The recruitment world is unpredictable as the workforce goes through continuous change.
Founder and managing director of EST10 Recruitment, Roxanne Calder, outlined her pick for the top five recruitment trends of 2023.
“Recent research shows skills-based hiring is up 63 per cent as more employers value experience over academic qualifications. It broadens the talent pool, increases the speed of hiring, and adds diversity. Homing in on the pure needs of the job assists in highlighting a job seeker’s transferable skills,” said Ms Calder.
Back in the office
Ms Calder commented: “More employers are requesting an office presence for the first six months of employment. Insufficient remote onboarding, the lack of support felt, and tech issues caused a drop-in employee engagement and morale. The fallout of the Great Resignation of 2022 caused a rethink of remote working.”
“The hyper-focus on work/life balance means expectations for flexible working remains. The aim is to strike a balance between in-person office days, building company culture and collaboration while sustaining flexibility to uphold work/life balance and employee morale,” she said.
Redefining hybrid working
“Hybrid is no longer working from home and the office. It is teleworking anywhere, any time and in the office. This can mean at a café, on a plane and even whilst on holiday,” Ms Calder explained.
Ms Calder added: “Employees seek much more from their employers and career choices. Ethics, culture, walking the talk and diversity, equity and inclusion are all topics explored and researched by job seekers.”
Recruitment trends were further discussed by Ben Townshend, the technology sales recruitment lead at Bluefin Resources.
“We’ve obviously seen the well-documented redundancies, and I think a trend we’ll see is they’ll continue to come; unfortunately, I don’t think we’ve seen the last of them,” said Mr Townshend.
“I think what that will cause is the market is gradually becoming a client’s market, so for the last two, three years, it’s been very much candidates in the driving seat. That will change naturally, like it always does. It’s a seesaw.”
“A trend that we’ll see now is severance packages being negotiated into contracts. It’s not something I’ve seen in my kind of nine-plus years in recruiting, maybe with senior execs, but I would say certainly for kind of top talent, they’re going to see what’s happened with redundancies happening and say, ‘Look, I actually want to have something put into my contract that’s going to give me a decent runway if there is to be any kind of redundancies further down the track’,” Mr Townshend explained.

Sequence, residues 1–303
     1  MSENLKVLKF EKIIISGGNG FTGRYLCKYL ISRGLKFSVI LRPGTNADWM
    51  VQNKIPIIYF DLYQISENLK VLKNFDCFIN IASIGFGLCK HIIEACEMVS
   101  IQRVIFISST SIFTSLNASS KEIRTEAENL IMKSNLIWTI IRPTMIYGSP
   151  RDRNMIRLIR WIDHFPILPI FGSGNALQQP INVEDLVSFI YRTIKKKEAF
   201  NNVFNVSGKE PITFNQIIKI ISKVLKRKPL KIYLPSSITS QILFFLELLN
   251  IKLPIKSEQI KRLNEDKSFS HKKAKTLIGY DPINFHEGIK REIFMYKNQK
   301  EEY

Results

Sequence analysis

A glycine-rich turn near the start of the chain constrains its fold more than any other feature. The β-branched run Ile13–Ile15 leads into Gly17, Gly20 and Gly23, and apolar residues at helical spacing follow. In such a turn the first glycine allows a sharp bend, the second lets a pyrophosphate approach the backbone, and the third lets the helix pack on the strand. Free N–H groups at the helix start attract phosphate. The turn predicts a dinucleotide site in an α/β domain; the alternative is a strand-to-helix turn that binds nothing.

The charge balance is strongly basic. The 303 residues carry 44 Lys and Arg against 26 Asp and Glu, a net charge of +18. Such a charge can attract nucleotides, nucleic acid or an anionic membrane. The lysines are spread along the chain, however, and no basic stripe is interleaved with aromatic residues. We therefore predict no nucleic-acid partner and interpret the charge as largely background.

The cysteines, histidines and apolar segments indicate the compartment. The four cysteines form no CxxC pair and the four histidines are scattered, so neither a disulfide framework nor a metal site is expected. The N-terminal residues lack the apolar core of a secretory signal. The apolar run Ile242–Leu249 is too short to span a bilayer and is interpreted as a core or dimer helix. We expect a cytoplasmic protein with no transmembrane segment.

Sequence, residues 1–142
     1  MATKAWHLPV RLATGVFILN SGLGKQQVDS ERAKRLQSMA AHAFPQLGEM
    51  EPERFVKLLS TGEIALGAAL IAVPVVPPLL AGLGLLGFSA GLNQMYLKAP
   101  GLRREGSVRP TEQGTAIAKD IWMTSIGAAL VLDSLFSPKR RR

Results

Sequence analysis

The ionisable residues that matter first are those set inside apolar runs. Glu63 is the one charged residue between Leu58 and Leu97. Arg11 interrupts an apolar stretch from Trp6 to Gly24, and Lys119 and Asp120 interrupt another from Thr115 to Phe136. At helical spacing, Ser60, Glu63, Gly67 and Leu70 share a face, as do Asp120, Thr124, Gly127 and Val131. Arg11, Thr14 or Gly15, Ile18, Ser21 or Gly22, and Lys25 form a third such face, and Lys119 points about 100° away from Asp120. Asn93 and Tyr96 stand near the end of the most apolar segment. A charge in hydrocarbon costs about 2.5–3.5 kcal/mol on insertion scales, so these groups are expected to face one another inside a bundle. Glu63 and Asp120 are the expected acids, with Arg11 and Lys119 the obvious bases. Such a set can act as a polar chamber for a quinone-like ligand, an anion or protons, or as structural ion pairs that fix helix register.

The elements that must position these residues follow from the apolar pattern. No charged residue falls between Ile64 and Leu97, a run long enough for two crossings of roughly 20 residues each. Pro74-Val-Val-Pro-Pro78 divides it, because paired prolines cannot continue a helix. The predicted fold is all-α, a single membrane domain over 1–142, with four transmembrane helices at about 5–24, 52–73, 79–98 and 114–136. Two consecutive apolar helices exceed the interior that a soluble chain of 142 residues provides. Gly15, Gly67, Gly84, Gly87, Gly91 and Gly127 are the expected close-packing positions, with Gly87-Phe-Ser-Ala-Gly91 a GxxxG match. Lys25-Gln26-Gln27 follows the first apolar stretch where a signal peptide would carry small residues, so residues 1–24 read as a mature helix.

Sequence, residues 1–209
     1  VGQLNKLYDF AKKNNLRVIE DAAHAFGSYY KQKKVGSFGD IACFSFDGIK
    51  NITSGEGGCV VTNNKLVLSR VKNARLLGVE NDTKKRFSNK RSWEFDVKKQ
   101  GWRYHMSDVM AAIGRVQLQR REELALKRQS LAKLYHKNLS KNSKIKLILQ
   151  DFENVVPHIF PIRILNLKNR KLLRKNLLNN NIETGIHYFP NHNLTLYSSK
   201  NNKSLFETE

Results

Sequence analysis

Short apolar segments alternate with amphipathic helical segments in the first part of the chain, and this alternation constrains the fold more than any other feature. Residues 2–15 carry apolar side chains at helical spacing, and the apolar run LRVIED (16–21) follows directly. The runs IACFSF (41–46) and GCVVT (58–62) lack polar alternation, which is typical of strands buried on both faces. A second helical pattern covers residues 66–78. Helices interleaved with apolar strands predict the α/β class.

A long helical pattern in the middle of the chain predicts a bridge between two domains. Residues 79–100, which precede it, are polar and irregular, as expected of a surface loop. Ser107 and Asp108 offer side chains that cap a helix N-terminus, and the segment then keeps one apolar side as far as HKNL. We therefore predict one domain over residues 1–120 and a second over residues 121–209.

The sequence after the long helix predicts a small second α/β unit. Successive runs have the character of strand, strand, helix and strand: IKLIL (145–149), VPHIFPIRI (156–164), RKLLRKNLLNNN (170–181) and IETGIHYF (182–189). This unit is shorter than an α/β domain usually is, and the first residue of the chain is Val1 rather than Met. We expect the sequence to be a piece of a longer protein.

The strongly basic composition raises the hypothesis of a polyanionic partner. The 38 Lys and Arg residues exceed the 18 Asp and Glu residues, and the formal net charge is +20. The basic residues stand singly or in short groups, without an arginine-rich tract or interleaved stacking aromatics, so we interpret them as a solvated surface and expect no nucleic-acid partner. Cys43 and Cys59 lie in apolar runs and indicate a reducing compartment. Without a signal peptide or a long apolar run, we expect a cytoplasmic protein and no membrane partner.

“What we saw through COVID-19 was salaries inflated massively. It was so hard to get talent, but that is stagnating. I don’t think salaries would necessarily go down too much, but I certainly think that the big outlier salaries that we saw in 2021 and 2022 will be a thing of the past. And I wouldn’t call it a downturn, but more of a normalisation,” said Mr Townshend.
Mr Townshend said: “ChatGPT automation, that’s going to shake the industry up; it’s scary. Hopefully, it doesn’t take me out of a job, but I think the way that recruitment is managed will change a lot.”
“I think transactional recruitment will be a thing [of] the past. I think there’ll always be a place for us recruiters and recruitment in general, but I’m actually quite excited to see what happens there and the changes that kind of automation and stuff like AI will make to the industry.”
In a hybrid work environment, individuals are allowed to work from a different location occasionally but are still required to come into the office at least once a week. With the phrase "hybrid workplace," which denotes an office that may accommodate interactions between in-person and remote workers, "hybrid work" can also refer to a physical location.
The practice of actively seeking, locating, and employing people for a certain position or career in a corporation is known as recruitment.
When a company can no longer support a certain job within the organisation, it redundancies that employee.
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